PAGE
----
Denver Bar Association
November 2001
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No Plot, Characters, Setting... It's Exciting!

by Greg Rawlings


This Is Not A Novel' is the best non-novel of the year.

Every so often a book comes along that is so singular, so sui generis, that everything else on the shelves seems an utter waste of ink and paper: "This Is Not A Novel" is such a book. This short, bizarre, experimental fiction by David Markson is the classic exception to the rule that proves the rule.

Nothing is more boring or pretentious than experimental fiction and yet this book is an exciting, straightforward work of art that is without a doubt completely experimental.

First off, no characters, except, Writer. Second, no plot. Third, no setting. In fact, the entire book is a series of statements about historical and/or mythical and/or cultural incidents, mainly the deaths of other artists. I can see you now: okay, Rawlings, that notorious literary snob, wants us to believe that a book without characters, plot or setting, comprised of brief bursts of data, mainly about dead people, is the most exciting book of the year.

Yes. Because it is. Actually, it’s the most exciting book since, well, since when books still mattered. Markson has written a number of previous novels, none of which is worth reading. They are boring and pretentious experimental novels. Avoid "Reader’s Block" and "Wittgenstein’s Mistress" like the plague. But as bad as they are is how good this is.

I wish so much that I had written this book, in the way I wish I’d written Dylan’s bitter, elegaic "Tangled Up in Blue," or painted Edward Hopper’s perfect "A Woman in the Sun," or directed Godard’s dazzling "Contempt."

Whether he’s quoting Voltaire on Hamlet, or relating tales of F. S. Fitzgerald haunting bookstores unrecognized in the months before he died, or citing the number of deaths in the "Iliad," Markson never falls back on clichés; you feel that everything he is saying means something, something more than the mere words on the page, that there is this vast thing called civilization, which is being honored statement after statement, page after page. And by the end, you begin to wonder if the death of Writer is the death of civilization; if anyone else can bear witness like Markson to the wonders that have preceded us. And you begin to be ashamed at all we are throwing away when we heave western civ into the dustbin of time.

I have read this book about 10 times in the last three months. I now know that Stephen Foster died without knowing who won the Civil War, that Edward Teller lost a foot in a streetcar accident, that "Gibbon died of infectious complications from hydocele," that "Rilke was devoted to polishing furniture." And a thousand more odd tidbits of the cultural past. By the end of the book, you know something more, too; you know why Writer is focused on what he is focused on, and it is nothing short of heartbreaking.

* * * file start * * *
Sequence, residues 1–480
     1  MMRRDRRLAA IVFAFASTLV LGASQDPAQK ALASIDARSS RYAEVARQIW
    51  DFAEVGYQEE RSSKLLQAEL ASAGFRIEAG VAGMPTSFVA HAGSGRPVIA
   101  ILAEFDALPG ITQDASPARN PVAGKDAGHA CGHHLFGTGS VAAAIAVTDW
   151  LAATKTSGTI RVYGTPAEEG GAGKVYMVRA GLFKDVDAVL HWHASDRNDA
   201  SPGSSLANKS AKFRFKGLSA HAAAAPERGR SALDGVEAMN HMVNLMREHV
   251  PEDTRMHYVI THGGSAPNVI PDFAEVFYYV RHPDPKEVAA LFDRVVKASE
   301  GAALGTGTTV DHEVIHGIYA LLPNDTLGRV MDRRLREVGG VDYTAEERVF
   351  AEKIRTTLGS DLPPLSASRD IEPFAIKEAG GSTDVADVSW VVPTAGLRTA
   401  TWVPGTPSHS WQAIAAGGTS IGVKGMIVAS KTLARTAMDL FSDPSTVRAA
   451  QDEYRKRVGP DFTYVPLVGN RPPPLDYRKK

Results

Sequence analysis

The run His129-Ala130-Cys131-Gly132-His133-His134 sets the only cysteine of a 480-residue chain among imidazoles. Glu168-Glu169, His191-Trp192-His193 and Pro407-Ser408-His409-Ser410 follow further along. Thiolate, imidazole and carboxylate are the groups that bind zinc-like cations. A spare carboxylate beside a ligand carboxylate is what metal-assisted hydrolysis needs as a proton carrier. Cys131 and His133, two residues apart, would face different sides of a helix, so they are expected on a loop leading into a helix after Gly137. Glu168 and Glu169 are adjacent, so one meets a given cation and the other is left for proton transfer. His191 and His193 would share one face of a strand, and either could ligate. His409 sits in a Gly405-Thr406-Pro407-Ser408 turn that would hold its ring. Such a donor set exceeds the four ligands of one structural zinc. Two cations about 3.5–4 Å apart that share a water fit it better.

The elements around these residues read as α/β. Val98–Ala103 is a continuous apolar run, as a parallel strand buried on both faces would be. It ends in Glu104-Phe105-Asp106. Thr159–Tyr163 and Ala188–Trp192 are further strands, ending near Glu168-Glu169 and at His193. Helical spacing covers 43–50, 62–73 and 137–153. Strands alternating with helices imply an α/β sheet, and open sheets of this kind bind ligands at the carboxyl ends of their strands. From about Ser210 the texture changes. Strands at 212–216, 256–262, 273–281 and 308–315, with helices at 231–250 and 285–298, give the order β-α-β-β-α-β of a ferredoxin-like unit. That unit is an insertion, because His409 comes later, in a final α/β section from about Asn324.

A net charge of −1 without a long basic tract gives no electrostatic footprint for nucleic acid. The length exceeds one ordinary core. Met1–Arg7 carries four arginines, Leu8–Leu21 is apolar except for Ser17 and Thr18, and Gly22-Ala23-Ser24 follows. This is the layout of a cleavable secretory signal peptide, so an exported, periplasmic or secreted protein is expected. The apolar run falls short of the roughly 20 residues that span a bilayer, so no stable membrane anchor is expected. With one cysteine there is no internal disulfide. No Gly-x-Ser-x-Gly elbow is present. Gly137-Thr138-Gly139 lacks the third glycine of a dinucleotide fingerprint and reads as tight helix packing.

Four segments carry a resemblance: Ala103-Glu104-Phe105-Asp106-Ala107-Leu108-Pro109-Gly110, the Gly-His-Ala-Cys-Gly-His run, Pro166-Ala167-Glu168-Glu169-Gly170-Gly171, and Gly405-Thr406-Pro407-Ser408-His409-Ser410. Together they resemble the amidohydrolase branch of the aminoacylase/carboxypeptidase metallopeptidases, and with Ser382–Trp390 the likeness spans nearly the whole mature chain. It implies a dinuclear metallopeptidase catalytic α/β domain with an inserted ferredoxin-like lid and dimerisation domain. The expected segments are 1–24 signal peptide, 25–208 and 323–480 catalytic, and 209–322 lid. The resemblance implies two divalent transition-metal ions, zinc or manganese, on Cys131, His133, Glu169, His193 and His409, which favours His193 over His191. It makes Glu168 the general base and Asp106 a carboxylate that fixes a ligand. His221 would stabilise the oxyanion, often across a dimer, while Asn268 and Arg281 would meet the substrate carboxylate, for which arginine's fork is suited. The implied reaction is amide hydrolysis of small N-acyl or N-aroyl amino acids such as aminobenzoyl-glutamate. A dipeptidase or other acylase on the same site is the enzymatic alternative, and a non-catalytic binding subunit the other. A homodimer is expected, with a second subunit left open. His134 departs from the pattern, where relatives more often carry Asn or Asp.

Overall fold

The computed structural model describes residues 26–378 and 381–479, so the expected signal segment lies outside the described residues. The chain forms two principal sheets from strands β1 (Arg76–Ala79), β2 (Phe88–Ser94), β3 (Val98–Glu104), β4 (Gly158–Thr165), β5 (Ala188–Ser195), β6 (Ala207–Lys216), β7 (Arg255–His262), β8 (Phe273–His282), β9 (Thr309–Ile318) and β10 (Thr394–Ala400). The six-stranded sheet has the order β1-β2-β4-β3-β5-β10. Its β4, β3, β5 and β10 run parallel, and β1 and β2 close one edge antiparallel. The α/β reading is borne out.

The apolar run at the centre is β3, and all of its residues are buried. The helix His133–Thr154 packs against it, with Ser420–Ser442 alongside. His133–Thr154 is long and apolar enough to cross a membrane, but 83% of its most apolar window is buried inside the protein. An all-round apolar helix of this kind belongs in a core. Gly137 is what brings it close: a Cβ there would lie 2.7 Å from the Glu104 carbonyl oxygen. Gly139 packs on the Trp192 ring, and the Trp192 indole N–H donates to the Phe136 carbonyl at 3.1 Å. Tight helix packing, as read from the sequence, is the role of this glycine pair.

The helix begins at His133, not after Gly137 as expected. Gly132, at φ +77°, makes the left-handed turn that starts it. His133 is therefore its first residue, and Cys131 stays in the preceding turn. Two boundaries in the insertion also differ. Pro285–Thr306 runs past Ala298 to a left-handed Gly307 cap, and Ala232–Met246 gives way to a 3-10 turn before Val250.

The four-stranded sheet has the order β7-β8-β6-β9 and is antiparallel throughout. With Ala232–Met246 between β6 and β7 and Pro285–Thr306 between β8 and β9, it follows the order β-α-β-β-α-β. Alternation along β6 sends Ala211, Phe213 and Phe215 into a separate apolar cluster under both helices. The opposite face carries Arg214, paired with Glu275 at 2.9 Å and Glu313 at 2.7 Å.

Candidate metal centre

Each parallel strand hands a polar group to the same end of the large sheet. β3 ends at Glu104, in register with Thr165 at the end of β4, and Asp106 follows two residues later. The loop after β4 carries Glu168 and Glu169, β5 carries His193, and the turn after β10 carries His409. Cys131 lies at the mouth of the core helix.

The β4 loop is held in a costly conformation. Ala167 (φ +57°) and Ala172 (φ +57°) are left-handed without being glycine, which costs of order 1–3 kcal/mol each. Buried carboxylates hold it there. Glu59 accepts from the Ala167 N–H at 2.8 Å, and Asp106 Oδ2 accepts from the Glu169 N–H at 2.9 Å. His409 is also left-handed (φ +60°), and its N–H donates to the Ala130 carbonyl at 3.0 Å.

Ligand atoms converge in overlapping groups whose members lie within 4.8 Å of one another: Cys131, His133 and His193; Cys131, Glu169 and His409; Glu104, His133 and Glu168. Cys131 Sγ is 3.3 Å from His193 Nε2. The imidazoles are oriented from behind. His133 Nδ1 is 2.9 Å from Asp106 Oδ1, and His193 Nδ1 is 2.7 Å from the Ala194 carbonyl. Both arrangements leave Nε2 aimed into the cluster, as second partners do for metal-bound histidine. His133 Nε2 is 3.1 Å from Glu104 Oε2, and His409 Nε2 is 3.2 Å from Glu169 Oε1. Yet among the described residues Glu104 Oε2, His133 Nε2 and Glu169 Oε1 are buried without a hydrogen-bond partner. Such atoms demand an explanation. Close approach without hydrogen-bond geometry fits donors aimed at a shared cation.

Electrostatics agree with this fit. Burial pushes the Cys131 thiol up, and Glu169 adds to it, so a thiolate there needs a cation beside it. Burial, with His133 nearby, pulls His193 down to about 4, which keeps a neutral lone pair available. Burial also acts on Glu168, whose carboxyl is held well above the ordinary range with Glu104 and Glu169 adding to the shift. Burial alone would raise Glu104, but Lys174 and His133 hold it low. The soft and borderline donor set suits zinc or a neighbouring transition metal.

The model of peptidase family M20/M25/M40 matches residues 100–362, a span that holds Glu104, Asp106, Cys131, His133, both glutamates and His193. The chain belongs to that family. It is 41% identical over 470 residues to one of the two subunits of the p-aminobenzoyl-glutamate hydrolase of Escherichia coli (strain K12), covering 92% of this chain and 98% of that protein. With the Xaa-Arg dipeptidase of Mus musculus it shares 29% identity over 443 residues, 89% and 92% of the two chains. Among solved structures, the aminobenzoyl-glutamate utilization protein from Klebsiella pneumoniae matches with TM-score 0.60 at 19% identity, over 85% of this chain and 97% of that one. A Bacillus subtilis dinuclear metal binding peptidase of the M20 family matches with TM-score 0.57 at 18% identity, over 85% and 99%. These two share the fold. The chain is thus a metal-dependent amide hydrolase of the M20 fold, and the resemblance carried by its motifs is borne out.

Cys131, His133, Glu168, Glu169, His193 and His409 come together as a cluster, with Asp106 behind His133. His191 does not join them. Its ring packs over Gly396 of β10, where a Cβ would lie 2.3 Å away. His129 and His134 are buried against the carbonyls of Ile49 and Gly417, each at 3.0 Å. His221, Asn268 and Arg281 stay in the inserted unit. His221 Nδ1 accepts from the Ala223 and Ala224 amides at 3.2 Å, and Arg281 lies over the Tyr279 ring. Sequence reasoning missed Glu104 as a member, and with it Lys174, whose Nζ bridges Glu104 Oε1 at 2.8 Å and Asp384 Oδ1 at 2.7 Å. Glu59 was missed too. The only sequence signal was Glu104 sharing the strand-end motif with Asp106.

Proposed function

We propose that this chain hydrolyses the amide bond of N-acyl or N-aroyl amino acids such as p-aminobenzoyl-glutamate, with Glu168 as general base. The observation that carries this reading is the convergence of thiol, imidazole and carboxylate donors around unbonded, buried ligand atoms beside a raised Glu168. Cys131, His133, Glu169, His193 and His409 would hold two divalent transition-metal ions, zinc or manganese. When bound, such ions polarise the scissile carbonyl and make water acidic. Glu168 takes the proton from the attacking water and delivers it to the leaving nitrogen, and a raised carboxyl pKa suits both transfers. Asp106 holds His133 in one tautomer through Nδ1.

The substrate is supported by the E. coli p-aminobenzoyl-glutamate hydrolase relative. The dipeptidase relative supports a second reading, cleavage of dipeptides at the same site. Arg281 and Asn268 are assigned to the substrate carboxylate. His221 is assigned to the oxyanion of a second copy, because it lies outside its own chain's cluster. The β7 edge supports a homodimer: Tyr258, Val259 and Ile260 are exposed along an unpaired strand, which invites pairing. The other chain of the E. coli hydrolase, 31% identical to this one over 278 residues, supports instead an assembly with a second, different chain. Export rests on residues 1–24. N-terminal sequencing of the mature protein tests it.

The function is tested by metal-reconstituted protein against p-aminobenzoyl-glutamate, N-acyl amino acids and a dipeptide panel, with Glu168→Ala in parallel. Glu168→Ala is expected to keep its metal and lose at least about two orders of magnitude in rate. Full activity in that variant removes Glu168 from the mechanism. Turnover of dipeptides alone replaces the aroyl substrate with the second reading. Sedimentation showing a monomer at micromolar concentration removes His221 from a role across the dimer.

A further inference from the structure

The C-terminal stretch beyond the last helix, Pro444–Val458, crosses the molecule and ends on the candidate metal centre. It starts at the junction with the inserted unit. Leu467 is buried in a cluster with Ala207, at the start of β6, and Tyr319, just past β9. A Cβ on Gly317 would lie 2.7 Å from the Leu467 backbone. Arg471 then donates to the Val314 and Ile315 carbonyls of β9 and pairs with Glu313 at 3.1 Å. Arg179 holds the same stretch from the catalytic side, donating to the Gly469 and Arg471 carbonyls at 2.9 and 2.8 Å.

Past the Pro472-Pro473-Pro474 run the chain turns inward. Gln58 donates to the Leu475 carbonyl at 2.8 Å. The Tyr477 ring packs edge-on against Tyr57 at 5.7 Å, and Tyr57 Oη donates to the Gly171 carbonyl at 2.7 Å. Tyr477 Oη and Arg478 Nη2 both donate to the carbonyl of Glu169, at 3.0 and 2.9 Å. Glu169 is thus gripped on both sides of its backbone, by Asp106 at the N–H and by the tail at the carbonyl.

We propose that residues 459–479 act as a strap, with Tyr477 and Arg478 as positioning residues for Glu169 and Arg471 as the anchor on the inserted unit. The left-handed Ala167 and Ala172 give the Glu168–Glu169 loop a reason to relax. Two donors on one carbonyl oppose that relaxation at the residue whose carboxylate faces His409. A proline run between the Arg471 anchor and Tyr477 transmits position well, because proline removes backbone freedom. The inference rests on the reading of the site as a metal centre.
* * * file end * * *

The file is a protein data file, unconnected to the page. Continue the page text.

Reading this book is an eye opener. There is so little out there worth making an effort to read or see or hear. I have seen three new movies this year worthy of the price of admission, heard maybe four new albums worth buying, read maybe one other book worth mentioning. Times are dire. Our culture has become a chaotic miasma of idiocy and mediocrity. When the historian Jacques Barzun labeled his majestic swan song, his history of western man from 1500 to the present, "From Dawn to Decadence" a couple years ago, he was being less cruel than polite. Barzun’s book is 877 pages long; Markson makes the same point in 190.

Being a Cassandra in this society is not very rewarding. We want game shows and freakishly loud sporting events, and politicians who are either swine or morons. Anything with dignity or decency is to be shunned.

David Markson instead has shunned the grotesque present and embraced the awesome past. Mozart rather than Eminem, Racine rather than Mamet, Michelangelo rather than Schnabel. Greatness is something in the air, in the water, something that beckons from just beyond the next ridge; it is something ineffable. Modern America hates it. It is a rebuke to our vulgarity.

"This Is Not A Novel" is great. It is art. It is a singular thing. Anyway, where else are you going to discover that: Arthur Conan Doyle was evidently the first person in England to receive a speeding ticket, 11 of Rutherford’s students eventually received Nobel Prizes, Charlemagne could read but not write. I could go on and on. I won’t. But I sure do wish Markson had.

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